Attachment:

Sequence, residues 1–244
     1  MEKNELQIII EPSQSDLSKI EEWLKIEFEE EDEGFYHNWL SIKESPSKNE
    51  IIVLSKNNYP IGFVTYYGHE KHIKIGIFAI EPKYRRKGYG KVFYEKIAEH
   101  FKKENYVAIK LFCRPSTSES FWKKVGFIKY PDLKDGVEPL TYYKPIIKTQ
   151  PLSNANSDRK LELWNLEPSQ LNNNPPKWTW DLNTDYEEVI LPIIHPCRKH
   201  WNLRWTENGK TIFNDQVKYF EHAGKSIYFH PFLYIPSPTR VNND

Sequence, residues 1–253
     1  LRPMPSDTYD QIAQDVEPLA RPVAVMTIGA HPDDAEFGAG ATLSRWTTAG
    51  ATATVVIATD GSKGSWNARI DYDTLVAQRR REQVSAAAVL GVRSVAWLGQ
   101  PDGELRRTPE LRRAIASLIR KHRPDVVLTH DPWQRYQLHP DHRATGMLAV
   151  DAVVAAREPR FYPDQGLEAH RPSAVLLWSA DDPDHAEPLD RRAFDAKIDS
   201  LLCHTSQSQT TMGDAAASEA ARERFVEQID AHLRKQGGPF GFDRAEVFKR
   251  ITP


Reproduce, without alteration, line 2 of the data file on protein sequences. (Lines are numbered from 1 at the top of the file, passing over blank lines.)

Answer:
     1  MEKNELQIII EPSQSDLSKI EEWLKIEFEE EDEGFYHNWL SIKESPSKNE